Non-Muslim group welcomes Anwar’s call to return seized Bibles
Jagir Singh hoped the Selangor Islamic Religious Department (Jais) will heed Anwar’s call to return the Bibles seized.
President of the Malaysian Consultative Council of Buddhism, Christianity, Hinduism, Sikhism and Taoism (MCCBCHST), Jagir Singh, has welcomed opposition leader Anwar Ibrahim’s stand on the religious controversy in the country.
Anwar Ibrahim had disapproved of the "high-handed" manner in which Jais raided the Bible Society of Malaysia premises and confiscated some 300 Malay and Iban Bibles.
Singh hoped the Selangor Islamic Religious Department (Jais) will heed Anwar’s call to return the Bibles seized. "I hope Jais will return them immediately as MCCBCHST's stand is that the raid and seizure 14 days ago was unlawful," he said.
However, Anwar's stand contrasted with MCCBCHST on Jais's right to question, investigate and call up people for clarification. Singh said the Federal Constitution, the supreme law of the land, allows for freedom of religion and propagation of one's faith within the community.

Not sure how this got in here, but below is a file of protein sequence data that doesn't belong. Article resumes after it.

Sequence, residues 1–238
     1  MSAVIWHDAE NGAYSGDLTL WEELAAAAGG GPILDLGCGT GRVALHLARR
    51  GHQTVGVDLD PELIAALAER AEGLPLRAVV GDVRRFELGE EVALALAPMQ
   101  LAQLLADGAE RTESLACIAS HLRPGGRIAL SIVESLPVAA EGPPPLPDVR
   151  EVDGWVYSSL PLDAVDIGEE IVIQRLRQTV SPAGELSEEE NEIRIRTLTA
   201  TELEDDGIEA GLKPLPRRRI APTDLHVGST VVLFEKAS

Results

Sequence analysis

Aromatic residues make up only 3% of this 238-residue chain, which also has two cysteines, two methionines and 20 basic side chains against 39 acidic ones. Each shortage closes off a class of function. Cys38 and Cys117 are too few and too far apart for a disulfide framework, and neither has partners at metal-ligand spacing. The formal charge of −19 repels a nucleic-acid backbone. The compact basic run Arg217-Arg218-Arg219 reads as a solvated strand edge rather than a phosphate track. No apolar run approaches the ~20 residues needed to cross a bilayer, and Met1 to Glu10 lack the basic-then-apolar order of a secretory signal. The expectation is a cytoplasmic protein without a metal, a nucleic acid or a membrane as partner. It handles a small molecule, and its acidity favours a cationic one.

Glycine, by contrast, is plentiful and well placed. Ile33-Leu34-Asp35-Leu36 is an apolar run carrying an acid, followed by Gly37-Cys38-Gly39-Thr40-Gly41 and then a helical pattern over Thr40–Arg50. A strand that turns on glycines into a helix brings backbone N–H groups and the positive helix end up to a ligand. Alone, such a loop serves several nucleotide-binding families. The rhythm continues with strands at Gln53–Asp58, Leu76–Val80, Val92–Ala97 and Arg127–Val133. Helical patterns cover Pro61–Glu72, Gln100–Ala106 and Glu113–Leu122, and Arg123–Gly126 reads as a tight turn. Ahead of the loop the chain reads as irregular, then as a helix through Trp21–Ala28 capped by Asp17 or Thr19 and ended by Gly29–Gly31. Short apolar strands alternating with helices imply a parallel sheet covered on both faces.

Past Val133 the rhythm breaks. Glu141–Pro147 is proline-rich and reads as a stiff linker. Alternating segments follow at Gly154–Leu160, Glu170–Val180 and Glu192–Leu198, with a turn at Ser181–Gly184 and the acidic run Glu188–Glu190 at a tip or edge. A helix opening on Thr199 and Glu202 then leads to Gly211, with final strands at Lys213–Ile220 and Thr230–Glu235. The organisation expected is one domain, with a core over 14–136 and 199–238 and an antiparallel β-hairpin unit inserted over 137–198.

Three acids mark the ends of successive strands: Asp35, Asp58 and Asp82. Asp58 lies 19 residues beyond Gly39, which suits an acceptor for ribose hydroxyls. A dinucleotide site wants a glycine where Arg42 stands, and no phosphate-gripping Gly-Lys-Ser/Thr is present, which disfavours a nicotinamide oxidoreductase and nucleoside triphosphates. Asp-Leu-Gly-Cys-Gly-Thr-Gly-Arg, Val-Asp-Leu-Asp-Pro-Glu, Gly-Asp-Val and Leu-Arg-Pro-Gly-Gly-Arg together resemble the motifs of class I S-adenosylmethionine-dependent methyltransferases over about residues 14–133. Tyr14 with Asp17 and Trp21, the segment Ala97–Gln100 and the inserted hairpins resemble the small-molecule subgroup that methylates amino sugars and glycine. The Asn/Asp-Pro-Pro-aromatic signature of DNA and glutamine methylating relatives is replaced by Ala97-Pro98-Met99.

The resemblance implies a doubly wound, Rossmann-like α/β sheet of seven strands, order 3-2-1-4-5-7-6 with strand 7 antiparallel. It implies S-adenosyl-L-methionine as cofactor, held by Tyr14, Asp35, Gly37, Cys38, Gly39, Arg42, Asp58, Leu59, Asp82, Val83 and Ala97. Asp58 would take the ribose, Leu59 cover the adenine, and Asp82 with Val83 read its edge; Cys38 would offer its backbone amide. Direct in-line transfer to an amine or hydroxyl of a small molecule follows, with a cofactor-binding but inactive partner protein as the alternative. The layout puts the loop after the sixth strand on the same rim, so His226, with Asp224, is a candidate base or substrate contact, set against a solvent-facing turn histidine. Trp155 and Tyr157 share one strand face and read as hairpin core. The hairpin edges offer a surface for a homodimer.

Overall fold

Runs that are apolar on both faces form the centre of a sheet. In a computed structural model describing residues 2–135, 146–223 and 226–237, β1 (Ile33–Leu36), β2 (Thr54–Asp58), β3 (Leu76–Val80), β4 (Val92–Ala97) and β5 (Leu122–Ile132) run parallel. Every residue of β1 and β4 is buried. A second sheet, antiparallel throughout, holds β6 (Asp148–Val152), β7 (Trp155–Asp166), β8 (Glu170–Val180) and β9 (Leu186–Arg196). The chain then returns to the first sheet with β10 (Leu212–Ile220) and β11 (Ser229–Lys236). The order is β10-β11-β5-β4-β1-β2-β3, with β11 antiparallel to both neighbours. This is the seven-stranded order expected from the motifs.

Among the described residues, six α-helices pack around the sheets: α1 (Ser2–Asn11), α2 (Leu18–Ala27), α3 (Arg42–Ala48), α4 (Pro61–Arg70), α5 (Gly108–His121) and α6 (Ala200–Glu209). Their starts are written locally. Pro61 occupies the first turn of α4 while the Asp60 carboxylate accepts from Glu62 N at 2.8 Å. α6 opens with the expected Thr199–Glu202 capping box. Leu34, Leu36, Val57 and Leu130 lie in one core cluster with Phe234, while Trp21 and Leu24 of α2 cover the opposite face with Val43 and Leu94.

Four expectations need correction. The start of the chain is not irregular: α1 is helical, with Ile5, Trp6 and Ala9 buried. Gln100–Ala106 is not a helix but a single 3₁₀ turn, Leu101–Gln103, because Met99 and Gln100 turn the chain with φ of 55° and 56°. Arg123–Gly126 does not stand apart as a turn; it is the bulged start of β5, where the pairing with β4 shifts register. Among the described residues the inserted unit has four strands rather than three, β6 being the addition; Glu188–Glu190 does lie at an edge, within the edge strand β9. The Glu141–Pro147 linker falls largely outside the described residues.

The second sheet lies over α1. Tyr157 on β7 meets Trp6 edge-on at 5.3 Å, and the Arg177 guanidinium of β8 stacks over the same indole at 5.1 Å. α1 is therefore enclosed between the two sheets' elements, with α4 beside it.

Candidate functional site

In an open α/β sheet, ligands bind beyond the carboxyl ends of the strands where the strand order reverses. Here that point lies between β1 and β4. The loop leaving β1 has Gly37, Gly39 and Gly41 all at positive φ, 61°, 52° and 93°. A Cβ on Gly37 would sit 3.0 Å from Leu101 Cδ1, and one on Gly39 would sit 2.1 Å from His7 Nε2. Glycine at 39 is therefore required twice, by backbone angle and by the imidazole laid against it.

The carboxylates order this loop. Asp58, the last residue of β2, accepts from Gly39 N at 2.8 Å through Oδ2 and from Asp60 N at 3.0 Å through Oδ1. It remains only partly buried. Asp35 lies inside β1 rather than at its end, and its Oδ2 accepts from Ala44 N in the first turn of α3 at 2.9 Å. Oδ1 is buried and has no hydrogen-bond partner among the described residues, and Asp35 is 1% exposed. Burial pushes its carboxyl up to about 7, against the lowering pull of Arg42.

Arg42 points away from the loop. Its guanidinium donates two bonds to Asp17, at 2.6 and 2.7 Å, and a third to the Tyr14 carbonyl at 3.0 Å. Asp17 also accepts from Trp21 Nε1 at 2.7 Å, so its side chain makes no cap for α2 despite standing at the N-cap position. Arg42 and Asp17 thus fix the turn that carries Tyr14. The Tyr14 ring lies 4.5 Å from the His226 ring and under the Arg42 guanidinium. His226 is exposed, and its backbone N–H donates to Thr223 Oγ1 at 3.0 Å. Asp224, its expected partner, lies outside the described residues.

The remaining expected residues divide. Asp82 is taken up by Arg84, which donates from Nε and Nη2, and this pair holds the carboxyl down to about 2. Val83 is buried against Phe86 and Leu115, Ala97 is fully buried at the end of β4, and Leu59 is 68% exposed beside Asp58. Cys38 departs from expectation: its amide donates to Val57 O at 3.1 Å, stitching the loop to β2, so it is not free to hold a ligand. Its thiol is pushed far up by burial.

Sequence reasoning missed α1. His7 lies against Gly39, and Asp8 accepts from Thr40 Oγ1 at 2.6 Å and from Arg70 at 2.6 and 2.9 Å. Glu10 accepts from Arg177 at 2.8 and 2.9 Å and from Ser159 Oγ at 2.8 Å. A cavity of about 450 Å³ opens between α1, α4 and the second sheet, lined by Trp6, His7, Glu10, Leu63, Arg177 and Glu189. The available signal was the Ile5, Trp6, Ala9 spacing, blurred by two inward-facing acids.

As such, he said the Selangor Non-Islamic Religions Enactment 1988 (Control of Propagation Among Muslims), a law which prohibits non-Muslims in the state from using the word "Allah" and 34 other Arabic words, was against the provision in the constitution. Jais, however, had defended its actions, saying that it was in line with the enactment.
Although global Islamic scholars have clarified that the term can be used by anyone, state Islamic authorities in Malaysia have reacted negatively to reports of churches using the word "Allah" in services and literature catering to the Bahasa Malaysia-speaking Christian community.
The tussle over the word "Allah" arose in 2008 when Christian weekly Herald was barred by the Home Ministry from using the Arabic word. The Catholic Church contested this in court and won a High Court decision in December 2009 upholding its constitutional right to do so. The Court of Appeal overturned it in October in Government’s favour and ruled that "Allah" was not integral to the Christian faith.
Christians make up about 9% or 2.6 million, of the Malaysian population. Almost two-thirds of them are Bumiputera and are largely based in Sabah and Sarawak, where they routinely use Bahasa Malaysia and indigenous languages in their religious practices, including referring to God as "Allah" in their prayers and holy book. Besides the Bumiputera Christians from East Malaysia, Orang Asli Christians in the peninsula also typically use Bahasa Malaysia in their worship.
Source: The Malaysian Insider